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Author Topic: New National Planning Policy Framework  (Read 1253 times)
Transport Scholar
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« on: July 22, 2021, 03:54:35 pm »

There is a new National Planning Policy Framework, replacing the one written in 2108. I can't find that previous one (revised in2019), so can't say what has changed this time.

Section 9 is called "Promoting sustainable transport", but if you're into that you'll probably find it rather half-hearted. But while it takes the same approach as the recent transport decarbonisation plan, and assumes that cars and road transport will be almost as important as now, it does specify this:
106. Planning policies should:
a) support an appropriate mix of uses across an area, and within larger scale sites, to minimise the number and length of journeys needed for employment, shopping, leisure, education and other activities;
b) be prepared with the active involvement of local highways authorities, other transport infrastructure providers and operators and neighbouring councils, so that strategies and investments for supporting sustainable transport and development patterns are aligned;
c) identify and protect, where there is robust evidence, sites and routes which could be critical in developing infrastructure to widen transport choice and realise opportunities for large scale development;
d) provide for attractive and well-designed walking and cycling networks with supporting facilities such as secure cycle parking (drawing on Local Cycling and Walking Infrastructure Plans);
e) provide for any large scale transport facilities that need to be located in the area44, and the infrastructure and wider development required to support their operation, expansion and contribution to the wider economy. In doing so they should take into account whether such development is likely to be a nationally significant infrastructure project and any relevant national policy statements; and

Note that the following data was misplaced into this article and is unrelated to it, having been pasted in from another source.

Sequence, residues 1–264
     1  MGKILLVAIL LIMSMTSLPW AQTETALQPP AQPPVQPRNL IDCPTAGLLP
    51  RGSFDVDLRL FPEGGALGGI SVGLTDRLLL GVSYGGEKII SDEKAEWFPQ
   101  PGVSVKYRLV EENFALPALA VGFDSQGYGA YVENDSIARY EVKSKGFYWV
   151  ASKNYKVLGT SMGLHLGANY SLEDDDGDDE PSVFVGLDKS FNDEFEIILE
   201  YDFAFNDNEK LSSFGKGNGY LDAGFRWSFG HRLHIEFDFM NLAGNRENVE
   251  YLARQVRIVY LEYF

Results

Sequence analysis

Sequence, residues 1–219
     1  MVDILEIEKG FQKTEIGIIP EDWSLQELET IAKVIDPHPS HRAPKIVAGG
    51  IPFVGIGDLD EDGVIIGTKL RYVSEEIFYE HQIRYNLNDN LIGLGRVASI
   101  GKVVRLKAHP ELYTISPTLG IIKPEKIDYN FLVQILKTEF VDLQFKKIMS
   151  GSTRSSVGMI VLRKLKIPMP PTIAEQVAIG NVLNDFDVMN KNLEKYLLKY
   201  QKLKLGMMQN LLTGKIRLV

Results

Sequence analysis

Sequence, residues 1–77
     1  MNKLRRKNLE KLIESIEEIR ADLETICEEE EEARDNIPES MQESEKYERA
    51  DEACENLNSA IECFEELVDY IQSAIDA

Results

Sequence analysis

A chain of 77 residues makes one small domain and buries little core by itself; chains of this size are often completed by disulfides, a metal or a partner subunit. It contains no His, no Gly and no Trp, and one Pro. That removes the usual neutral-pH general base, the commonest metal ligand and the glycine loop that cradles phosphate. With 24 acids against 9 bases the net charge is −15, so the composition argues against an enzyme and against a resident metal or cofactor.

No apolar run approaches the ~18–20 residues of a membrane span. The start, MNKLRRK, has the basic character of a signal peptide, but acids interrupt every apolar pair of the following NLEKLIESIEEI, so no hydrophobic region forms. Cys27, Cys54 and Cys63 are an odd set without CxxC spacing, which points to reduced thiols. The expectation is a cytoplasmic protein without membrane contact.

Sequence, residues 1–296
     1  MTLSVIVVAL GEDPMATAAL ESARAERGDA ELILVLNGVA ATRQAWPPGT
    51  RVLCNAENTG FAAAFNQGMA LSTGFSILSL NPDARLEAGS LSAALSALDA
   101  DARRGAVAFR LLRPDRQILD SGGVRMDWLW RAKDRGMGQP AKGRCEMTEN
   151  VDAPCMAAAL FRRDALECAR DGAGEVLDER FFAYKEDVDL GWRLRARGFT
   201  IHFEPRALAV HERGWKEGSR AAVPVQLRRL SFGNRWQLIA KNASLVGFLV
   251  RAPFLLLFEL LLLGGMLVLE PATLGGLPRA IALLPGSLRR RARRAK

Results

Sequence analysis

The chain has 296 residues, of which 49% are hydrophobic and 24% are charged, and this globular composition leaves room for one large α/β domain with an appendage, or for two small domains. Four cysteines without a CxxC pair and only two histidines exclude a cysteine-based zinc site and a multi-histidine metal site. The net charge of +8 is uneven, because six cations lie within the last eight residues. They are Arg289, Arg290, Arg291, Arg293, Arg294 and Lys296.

f) recognise the importance of maintaining a national network of general aviation airfields, and their need to adapt and change over time – taking into account their economic value in serving business, leisure, training and emergency service needs, and the Government’s General Aviation Strategy45.
and this:
112. Within this context, applications for development should:
a) give priority first to pedestrian and cycle movements, both within the scheme and with neighbouring areas; and second – so far as possible – to facilitating access to high quality public transport, with layouts that maximise the catchment area for bus or other public transport services, and appropriate facilities that encourage public transport use;
b) address the needs of people with disabilities and reduced mobility in relation to all modes of transport;
c) create places that are safe, secure and attractive – which minimise the scope for conflicts between pedestrians, cyclists and vehicles, avoid unnecessary street clutter, and respond to local character and design standards;
d) allow for the efficient delivery of goods, and access by service and emergency vehicles; and
e) be designed to enable charging of plug-in and other ultra-low emission vehicles in safe, accessible and convenient locations

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« Reply #1 on: July 22, 2021, 06:03:28 pm »